TORONTO -- The Supreme Court of Canada has refused to hear an appeal from the country's largest real estate board that would have prevented its members from posting home sales data on their websites, ending a years-long battle in a case that could have sweeping implications for consumer access across the country.

Canada's top court announced Thursday it has dismissed the application from the Toronto Real Estate Board, which represents more than 50,000 Ontario agents.

“I’m glad we’re one step closer to giving people more access to information,” said John Pasalis, president, Realosophy Realty, in an interview with BNN Bloomberg Thursday.  “The more information people have, the better decisions that they can make – and that’s the core of what’s going on here.”

“The data isn’t becoming public – they’re not putting it on some open data platform that anyone can download,” Pasalis noted.  “It’s really about should TREB be able to give this information to their own members – their own brokers – and are their brokers allowed to post the data on their websites.”

TREB's appeal stemmed from a seven-year court battle that began in 2011 when the Competition Bureau challenged its policy preventing the publication of such information, arguing it impedes competition and digital innovation.


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    In a statement Thursday, TREB said it respects the Supreme Court’s decision.

    Pasalis said the court’s ruling will be positive for the industry as it will force real estate agents to set the bar higher for their services.  

    “I think one of the fears that maybe TREB has, even though they don’t articulate it, is maybe that are people going to cut out the realtor from the transaction. And we have seen from the U.S. that really hasn’t happened,” he said.  

    The board had argued at the Competition Tribunal and later the Federal Court of Appeal that posting such data on password-protected websites would violate consumer privacy and copyright.

    Both judicial bodies sided with the bureau, prompting TREB to take the fight to the Supreme Court of Canada.

    But Pasalis said he doesn’t see the threat to people’s privacy.

    “We’re talking about sale prices,” he said. “TREB tried to make it about all sorts of personal information But this isn’t about disclosing people’s names, this is about disclosing the sale price of a home – including homes that have just recently sold.”
    “This is just about taking what is offline and kind of moving it into a more online experience,” he added. “So I don’t really see the privacy concerns.”  

    Lawyers and realtors have said that if the data is made available online, buyers and sellers will be able to more easily educate themselves on how to price homes and negotiate and won't have to rely on agents for getting information.

    Since the court won't hear the case, lawyers believe there is likely nothing TREB can to do to keep its legal battle going and the data from being posted.

    TREB chief executive officer John DiMichele said in a statement that the tribunal's order will come into effect in 60 days time, unless it is modified. DiMichele said the board will be studying "the required next steps to ensure such information will be protected in compliance with the tribunal order."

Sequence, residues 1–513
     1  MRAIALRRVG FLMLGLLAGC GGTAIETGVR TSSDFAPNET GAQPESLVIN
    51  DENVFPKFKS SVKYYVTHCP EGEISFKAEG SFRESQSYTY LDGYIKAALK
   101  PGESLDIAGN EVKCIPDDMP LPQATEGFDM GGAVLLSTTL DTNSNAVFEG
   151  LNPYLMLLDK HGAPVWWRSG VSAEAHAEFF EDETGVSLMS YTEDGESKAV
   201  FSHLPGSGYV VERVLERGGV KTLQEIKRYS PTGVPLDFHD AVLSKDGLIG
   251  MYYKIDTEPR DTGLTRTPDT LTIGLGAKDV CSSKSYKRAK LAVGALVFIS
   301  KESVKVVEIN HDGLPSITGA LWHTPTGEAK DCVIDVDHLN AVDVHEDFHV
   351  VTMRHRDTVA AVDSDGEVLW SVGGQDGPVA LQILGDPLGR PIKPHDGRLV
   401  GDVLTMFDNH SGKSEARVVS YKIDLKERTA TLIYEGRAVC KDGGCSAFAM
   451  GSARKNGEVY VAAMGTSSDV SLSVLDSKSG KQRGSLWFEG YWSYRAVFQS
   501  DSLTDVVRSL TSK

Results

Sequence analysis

Meanwhile, the Competition Bureau's interim commissioner Matthew Boswell said in a statement that the ruling is " a decisive victory for competition, innovation and for consumers."

    "By removing TREB's anti-competitive restrictions, home buyers and sellers in the GTA will now have greater access to information and innovative real estate services when making one of the most significant financial decisions of their lives."

    The Supreme Court decision is expected to result in a rush of agents starting to post sales data on their websites.

    The data release will eventually spread to "pretty much every real estate market in Canada" because most were waiting to see how TREB's case fared, said John Andrew, a real estate professor at Queen's University.

    The TREB case, he said, only covered realtors posting the information on their password-protected websites, but he expects the country will soon see a push to allow the numbers to be published without password protection because the numbers are already in the public domain.

    The public can get such numbers currently by turning to real estate agents and brokers, who have access to the Multiple Listing Service database, where sales data is compiled when deals close. Others rely on online property value services like Teranet or local land registry offices, which charge a fee for the public to access sales data.

    Christopher Alexander, the executive vice-president and regional director of RE/MAX Integra's Ontario-Atlantic business, suspects the case will set a precedent for real estate boards across the country, triggering a flood of other provinces to look to release similar data.

    However, he doesn't think the decision will be an industry killer based on his observations in the United States, where a similar case has enabled consumers to access enhanced information for years, but real estate agents are still in demand.

    "They had information available to consumers for the last 13 years and it hasn't been a detriment to realtors," he said.

    "Good, experienced realtors are a lot more valuable than having sold information."